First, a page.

War Hero: Game Genie

February 07, 2008 | Comments (0) | by Rich Funk

Just looking at that picture above, I get butterflies in my stomach.

The older I get, the more apt I am to let some drivel like "They don't make 'em like they used to" spew forth from my mouth. But in the case of video games, it's true. Your kids can keep their fancy PS3's and their Xbox 360's. Let the masses clamor for their Dreamcasts and their 32X attachments. You want to sit at home and play Sewer Shark on your Sega CD? Be my guest.

Me? I'll take the NES every day of the week.

I invite you back to a time when there was only one true home video gaming system. With the release of the Nintendo Entertainment System in 1985, Atari showed itself the door and died somewhere in a gutter, alone and forgotten. The NES was a tour de force, a stylish gray box that matched any interior decor that had literally hundreds of games to bring 8-bit entertainment to your home.

It seems like everything from the 80's made some kind of comeback in the last 5 years or so, but there's a reason the NES has come back in a big way. As cool and visually stunning as new games are, NES games were just more fun. I don't care if it looks like I'm actually running the West Coast Offense on Madden '08...give me the 4 plays to choose from in Tecmo Bowl and I'll be a happy camper.

One of the only downsides to Nintendo was that there was little to no capacity to save games. Only a few of the longer games in existence had password support. There were no memory cards. There were no save checkpoints. These were real games. Each new cartridge was a challenge, a gauntlet thrown down by the Gods themselves. And this was not a bad thing. I firmly believe that without the toughness taught to my generation from having to play Nintendo games all the way through in one sitting, we'd all have degenerated into a race of wimpy sissy-boys.

However, the lack of being able to stop a game and come back to it later could be a major inconvenience, especially to 7 year olds like myself. One time I tried the sneaky trick of turning off the TV at bedtime but leaving the Nintendo on and just pausing the game, but the next morning, the Nintendo was so hot that I never had the balls to try it again. It seemed like there was no hope but to force yourself to sit through these games to the end. Addiction to crack and meth skyrocketed as gamers were desperate to find ways to keep themselves awake for the 32 hours it seemed to take to beat Ninja Gaiden II. It seemed like nothing could ever help us in our plight.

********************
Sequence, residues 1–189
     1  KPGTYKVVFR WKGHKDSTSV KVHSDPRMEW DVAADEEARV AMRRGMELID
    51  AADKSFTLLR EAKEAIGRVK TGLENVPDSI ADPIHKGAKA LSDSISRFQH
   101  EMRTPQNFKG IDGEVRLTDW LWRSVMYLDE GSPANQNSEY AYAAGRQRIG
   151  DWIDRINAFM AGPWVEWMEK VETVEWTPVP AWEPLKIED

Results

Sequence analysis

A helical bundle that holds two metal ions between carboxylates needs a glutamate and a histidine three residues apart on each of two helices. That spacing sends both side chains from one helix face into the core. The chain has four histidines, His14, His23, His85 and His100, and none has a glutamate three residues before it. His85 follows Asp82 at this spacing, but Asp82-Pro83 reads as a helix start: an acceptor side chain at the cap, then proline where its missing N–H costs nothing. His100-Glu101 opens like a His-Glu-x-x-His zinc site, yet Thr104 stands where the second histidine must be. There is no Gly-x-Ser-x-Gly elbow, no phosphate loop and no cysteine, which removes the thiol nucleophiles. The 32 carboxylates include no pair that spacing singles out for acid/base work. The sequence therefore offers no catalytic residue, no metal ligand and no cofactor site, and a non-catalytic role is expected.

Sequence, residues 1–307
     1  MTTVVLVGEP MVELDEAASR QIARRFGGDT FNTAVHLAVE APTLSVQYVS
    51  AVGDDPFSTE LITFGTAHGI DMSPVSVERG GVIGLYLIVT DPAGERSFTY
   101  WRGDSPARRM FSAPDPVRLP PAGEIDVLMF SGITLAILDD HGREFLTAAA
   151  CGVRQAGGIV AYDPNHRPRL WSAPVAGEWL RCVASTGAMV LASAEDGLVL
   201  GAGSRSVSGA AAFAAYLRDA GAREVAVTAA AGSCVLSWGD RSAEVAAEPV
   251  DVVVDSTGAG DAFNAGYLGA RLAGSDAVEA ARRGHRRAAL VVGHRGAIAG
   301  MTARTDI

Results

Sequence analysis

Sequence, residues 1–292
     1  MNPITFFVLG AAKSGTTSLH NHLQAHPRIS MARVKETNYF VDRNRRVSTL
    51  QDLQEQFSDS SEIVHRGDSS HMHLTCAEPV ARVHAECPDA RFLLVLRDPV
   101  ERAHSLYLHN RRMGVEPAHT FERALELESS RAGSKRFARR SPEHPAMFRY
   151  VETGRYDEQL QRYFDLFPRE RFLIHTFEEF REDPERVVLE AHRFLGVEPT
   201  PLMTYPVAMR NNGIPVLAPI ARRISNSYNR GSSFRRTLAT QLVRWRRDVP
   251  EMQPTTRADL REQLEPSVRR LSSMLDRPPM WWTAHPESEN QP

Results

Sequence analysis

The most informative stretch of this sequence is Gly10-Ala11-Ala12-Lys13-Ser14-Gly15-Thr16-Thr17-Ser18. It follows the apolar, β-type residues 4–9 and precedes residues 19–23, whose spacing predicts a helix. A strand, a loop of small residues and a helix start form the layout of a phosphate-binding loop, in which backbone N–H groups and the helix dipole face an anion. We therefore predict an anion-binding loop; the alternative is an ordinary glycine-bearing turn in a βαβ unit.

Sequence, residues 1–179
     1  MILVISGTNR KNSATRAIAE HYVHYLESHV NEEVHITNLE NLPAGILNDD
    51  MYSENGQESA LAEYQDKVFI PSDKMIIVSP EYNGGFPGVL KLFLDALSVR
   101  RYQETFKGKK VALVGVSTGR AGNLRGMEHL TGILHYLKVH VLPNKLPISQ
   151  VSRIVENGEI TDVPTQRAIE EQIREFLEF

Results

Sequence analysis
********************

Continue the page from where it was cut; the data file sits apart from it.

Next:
Then the clouds parted and the Game Genie arrived.

When I opened this wonder on Christmas morning, I felt like a parent must feel when they first have a child, and that child can be used for ill-gotten gains such as slave labor and running pyramid scams. The Game Genie was like nothing the Earth had ever seen. It looked like a game in itself, but it wasn't. Like the creepy man next door to you, it slowly eased its way behind the game for insertion. And then the other end was crammed into the NES system, the Game Genie acting as the ultimate Quimby.

The results were mind-blowing to say the least.

Suddenly, anything was possible. Mario and Luigi could jump twice as high and have infinite lives. The two shirtless dudes from Contra could now plow through the millions of aliens that have invaded the Earth without worrying about tearing their sequined red and blue Hammer-pants. Need to start the game with the entire Triforce? Done. Want to start your quest with $1,000,000 in gold? No problem. Need to start at level 7 after your dog walked in front of the TV and reset the game by pulling the controller out of the Nintendo? Why not? Hell, you could even connect the Game Genie to ANOTHER Game Genie to enter up to 6 codes at once!

The Game Genie continues to live on today. After being adapted to work with the Super Nintendo and Genesis systems, you can now find the Game Genie built into any NES Emulator worth its salt. Just scoot yourself over to the Game Genie website to pick and choose your favorite codes.

With most games coming on CDs and the rise of memory cards and save points, we may never need something like the Game Genie again. But I tell you, when Game Genie was at the top of the world, anything seemed possible. If you were alive and remember this time, you know what I'm talking about. And if you don't...get off my porch.